Supreme Court: Ban on Mandatory Juvenile Life Sentences Is Retroactive

By Christopher Coble, Esq. on January 25, 2016 | Last updated on March 21, 2019

Back in 2012, the Supreme Court held that mandatory life sentences for juveniles without the possibility for parole are unconstitutional. The question at the time, and one that has been posed to state courts ever since, was whether that ruling applied to inmates already serving life sentences for juvenile convictions.

And now we know the answer. In a 6-3 decision, the Supreme Court decided that its ruling in Miller v. Alabama is retroactive, and those that were previously sentenced to mandatory life terms as juveniles must be eligible for parole. Let's take a look at the Court's ruling.

No Discretion, No Justice

In Miller, the Court found that mandatory life without the possibility for parole violated the Eighth Amendment's prohibition of cruel and unusual punishment. While such sentences were still allowed, they could not be mandatory and judges and juries must be given discretion when it comes to sentencing juveniles.

Henry Montgomery was just 17 when he killed a deputy sheriff in 1963. The jury in his case returned a verdict of "guilty without capital punishment," which, under Louisiana law, required the trial court to impose a sentence of life without parole. After such sentences were deemed illegal under Miller, Montgomery appealed his sentence, but was denied by the Louisiana Supreme Court.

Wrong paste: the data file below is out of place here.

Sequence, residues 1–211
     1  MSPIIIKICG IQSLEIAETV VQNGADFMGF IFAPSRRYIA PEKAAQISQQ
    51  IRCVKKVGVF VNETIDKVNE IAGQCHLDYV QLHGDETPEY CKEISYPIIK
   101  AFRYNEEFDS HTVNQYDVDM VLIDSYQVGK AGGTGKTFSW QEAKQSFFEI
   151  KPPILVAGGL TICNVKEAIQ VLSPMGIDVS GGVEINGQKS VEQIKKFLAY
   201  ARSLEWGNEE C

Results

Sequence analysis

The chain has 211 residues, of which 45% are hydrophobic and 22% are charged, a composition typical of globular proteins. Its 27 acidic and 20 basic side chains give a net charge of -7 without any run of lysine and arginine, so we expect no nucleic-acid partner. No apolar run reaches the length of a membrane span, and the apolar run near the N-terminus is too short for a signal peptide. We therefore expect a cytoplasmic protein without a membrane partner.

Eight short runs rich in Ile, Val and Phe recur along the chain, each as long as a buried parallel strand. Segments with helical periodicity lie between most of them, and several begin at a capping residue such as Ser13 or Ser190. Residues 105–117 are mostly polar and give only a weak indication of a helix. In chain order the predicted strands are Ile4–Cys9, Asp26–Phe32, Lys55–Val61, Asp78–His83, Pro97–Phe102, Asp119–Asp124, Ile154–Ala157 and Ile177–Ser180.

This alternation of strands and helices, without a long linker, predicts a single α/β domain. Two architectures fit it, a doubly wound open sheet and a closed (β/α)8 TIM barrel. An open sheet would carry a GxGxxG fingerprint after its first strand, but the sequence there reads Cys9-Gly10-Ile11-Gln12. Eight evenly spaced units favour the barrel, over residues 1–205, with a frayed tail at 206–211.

If Substantive, Then Retroactive

Writing for the majority opinion, Justice Kennedy reversed that ruling, stating, "When a new substantive rule of constitutional law controls the outcome of a case, the Constitution requires state collateral review courts to give retroactive effect to that rule." Miller was that kind of substantive rule, and therefore all prior mandatory sentences of life without parole for juveniles were violations of that rule.

That doesn't mean that Montgomery will be freed -- states can remedy these violations by extending parole eligibility to juvenile offenders. It's now up to Henry Montgomery to argue that he is not the same troubled youth who committed murder, and that "children who commit even heinous crimes are capable of change." But at least now he'll have the chance to make that argument.

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